waved at the on-coming aeroplanes, it would seem that they were of
that arm of the service, and appreciated what was about to happen.

Nearer and nearer to the ground flew Tom and Jack. And then, to
their horror, they saw that several Germans had set up two machine
guns to rake the prison yard, which was still filled with excited
captives. The Germans were determined that as few as possible of
their late captives should find freedom.

Tom acted on the instant, by sending the plane in a different
direction, to enable Jack to use his machine gun. And Jack
understood this, for, with a shout of defiance, he turned his weapon
on the closely packed Germans around their machine guns.

For a moment they stood and some even tried to swerve the guns about
to shatter the dropping aeroplane. But Jack's fire was too fierce.
He wiped out the nest, and this danger was averted.

A moment later Tom had the machine to earth, and it ran along the
uneven and shell-torn ground, coming to a rest not far from what had
been the outer fence of the prison camp. A group of Allied
captives, newly freed, rushed forward. Tom and Jack, removing their
goggles, looked eagerly for a sight of Harry Leroy. They did not
see him, but they saw that which rejoiced them, and this was more
aeroplanes coming to their aid, and also a column of infantry on the
march across a distant valley. The stars and stripes were in the
van, and at this the rescuers and the prisoners set up a cheer. It
meant that the Germans were beaten at that point.

"Where's Harry Leroy? Is he among the prisoners ?" cried Jack to
several of the liberated ones who crowded around the machine. There
would be no question now of trying to save some one, a rush by
mounting to the air with him. The advance of the Americans and the
Allies was sufficiently strong to hold the prison position wrested
from the Germans.

"Was Harry Leroy among you?" asked Tom, of the joy-crazed prisoners.
Many were Americans, but there were French, Italian, Russian,
Belgian and British among the motley throng.

Before any one could answer him there was a hoarse shout, and from
some place where they had been hiding a squad of German soldiers
rushed at the group of recent prisoners about Tom and Jack. Their
guns had bayonets fixed, and it was the evident purpose of the Huns
to make one last rush on the prisoners near the aeroplane to kill as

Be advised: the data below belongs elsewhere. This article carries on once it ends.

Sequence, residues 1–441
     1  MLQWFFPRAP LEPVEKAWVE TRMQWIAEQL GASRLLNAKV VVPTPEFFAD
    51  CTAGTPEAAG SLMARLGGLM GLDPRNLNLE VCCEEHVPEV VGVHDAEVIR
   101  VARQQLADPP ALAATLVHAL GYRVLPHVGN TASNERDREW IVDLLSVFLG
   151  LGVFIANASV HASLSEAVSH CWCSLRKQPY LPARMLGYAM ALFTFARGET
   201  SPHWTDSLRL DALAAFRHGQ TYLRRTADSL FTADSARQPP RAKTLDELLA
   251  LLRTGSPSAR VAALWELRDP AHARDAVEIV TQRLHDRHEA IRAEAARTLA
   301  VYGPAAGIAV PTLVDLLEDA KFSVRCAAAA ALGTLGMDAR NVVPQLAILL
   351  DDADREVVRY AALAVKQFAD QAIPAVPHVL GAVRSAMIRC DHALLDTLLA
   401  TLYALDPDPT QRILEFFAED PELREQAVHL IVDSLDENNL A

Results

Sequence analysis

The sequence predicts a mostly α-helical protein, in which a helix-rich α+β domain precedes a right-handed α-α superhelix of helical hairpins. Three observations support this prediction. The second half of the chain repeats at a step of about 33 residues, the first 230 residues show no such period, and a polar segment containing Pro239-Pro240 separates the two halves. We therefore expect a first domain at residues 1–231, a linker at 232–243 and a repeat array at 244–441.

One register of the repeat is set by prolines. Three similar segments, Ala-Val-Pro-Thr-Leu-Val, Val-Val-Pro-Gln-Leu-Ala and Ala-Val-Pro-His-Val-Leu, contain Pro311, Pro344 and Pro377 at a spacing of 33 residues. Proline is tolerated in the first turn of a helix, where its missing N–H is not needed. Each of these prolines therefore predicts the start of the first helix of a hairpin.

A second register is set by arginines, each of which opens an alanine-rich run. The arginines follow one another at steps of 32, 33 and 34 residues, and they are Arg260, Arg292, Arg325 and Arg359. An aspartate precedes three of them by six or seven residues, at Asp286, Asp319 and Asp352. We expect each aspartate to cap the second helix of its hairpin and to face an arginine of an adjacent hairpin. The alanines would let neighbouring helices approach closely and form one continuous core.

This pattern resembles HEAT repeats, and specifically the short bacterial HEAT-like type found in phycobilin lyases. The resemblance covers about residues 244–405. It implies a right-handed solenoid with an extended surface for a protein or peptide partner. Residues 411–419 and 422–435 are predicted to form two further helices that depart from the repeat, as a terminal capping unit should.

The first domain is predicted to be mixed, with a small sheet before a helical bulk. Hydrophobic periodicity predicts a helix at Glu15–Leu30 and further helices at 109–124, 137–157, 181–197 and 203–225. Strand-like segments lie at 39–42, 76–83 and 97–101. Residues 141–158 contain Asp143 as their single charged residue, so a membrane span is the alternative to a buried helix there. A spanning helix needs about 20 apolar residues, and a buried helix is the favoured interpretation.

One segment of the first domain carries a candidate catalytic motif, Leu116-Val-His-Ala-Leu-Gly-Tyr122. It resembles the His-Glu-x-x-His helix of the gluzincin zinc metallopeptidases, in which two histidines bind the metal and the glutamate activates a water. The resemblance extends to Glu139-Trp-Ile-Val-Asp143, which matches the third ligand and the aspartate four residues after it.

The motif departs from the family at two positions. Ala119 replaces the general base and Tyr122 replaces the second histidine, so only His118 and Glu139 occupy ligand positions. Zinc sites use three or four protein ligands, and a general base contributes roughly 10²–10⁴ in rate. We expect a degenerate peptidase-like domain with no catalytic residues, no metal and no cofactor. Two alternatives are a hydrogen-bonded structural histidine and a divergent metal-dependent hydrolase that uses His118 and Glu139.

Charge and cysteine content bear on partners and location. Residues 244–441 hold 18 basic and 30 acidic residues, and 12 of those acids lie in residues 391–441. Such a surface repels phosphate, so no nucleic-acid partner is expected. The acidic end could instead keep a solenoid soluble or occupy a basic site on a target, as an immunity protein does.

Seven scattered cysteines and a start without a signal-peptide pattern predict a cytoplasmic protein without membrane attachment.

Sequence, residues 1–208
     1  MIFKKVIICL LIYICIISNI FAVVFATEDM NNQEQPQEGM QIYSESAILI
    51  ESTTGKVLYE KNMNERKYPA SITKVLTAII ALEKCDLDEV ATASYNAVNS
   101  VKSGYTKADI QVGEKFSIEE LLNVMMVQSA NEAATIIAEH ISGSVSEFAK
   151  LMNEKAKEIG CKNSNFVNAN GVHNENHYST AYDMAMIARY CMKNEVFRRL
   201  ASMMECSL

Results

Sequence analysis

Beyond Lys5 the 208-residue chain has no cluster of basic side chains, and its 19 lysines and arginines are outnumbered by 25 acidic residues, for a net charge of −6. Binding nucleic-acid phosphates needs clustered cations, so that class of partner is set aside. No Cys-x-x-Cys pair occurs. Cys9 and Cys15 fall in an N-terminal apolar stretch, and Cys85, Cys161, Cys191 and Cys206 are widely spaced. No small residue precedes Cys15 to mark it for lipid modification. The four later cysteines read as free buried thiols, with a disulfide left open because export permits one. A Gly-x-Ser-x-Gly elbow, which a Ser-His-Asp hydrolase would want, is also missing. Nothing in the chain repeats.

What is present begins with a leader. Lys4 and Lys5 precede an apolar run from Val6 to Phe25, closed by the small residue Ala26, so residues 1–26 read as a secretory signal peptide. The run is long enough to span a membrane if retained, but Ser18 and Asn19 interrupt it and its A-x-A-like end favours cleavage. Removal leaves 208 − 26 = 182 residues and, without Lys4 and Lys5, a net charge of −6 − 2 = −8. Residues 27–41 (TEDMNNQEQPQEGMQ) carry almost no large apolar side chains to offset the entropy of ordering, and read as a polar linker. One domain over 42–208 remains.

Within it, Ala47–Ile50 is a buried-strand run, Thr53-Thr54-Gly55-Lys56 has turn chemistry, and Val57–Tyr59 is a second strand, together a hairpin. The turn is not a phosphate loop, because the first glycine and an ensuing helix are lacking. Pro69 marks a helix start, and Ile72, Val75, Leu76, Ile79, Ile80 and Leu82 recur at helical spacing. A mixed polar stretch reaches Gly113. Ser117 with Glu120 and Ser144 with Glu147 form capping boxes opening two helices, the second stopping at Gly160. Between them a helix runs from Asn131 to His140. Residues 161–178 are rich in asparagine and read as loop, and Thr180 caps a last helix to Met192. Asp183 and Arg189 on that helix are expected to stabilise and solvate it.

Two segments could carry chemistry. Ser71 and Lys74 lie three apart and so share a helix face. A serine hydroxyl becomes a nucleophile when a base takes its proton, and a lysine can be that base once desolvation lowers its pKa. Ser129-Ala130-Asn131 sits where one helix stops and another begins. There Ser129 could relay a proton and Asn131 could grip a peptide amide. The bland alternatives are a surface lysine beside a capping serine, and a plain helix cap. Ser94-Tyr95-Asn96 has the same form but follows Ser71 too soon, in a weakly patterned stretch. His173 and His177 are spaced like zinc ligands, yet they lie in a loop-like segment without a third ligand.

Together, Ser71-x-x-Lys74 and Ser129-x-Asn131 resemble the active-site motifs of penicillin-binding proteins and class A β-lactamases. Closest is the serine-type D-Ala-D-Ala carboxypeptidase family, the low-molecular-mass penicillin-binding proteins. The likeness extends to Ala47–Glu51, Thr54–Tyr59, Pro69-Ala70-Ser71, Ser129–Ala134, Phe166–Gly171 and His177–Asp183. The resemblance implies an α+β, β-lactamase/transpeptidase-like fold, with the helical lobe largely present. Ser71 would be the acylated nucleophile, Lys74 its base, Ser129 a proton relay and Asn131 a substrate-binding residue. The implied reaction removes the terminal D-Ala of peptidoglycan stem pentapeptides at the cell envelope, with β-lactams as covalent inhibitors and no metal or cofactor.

many as possible.

The Germans were a sufficiently strong force, and none of these
prisoners was armed. They began to scatter and run for shelter, and
Torn and Jack became aware that matters were not to be as easy as
they had expected.

But fortunately the fixed machine gun on the aeroplane, which was
near the pilot's seat, pointed straight at the oncoming Huns. With
a cry Tom sprang to the cockpit and quickly had the weapon spitting
bullets at the foe. Then Jack saw his chance, and, climbing up to
his seat, he swung his gun about so that it, too, raked the Germans.

They came on with the desperation and courage of despair, but the
steady firing was at last too much for them. They broke and
ran--what were left of them alive--in what was a veritable rout, and
this ended the last danger for that immediate time and place.

Other aeroplanes dropped down to help consolidate the victory, and
the explosion of some American shells at a point beyond the prison
camp told its own story. The artillery had moved up to keep pace
with the advancing infantry. The big battle had been won by
Pershing's men, and the air service boys had not only done their
share, but they had been instrumental in delivering a number of
prisoners.

As the last of the Germans fled and Tom and Jack leaned back, well
nigh exhausted by the strain of the fighting, a voice cried:

"Good work, old scouts! I knew you'd come for me sooner or later.
At least I hoped you would!"

They turned to see Harry Leroy walking slowly toward them.

Harry Leroy it was, but wounds, illness, and imprisonment had worked
a terrible change in him. He was but the ghost of his former sturdy
self. Still it was their chum and the brother of Nellie Leroy, and
Tom and Jack knew they had kept the promise made to the sister.
They had effected the rescue which the offensive made possible.

"Hurray!" cried Tom. "It's really you then, old scout!"

"What's left of me--yes. Oh, but it's good to see the flag again!"
and he pointed to the colors on the aeroplane and on the advancing
banners of the infantry. "And it's good to see you again! I'd
about given up, and so had most of us, when we heard the shooting
and knew something was going on. But how did it happen? How did
you get here, and how did you know I was here?"

"Go easy!" advised Tom with a grin. "One question at a time. Can
you ride in our bus? If you can we'll take you back with us. The
others will be taken care of soon, I fancy, for our boys will soon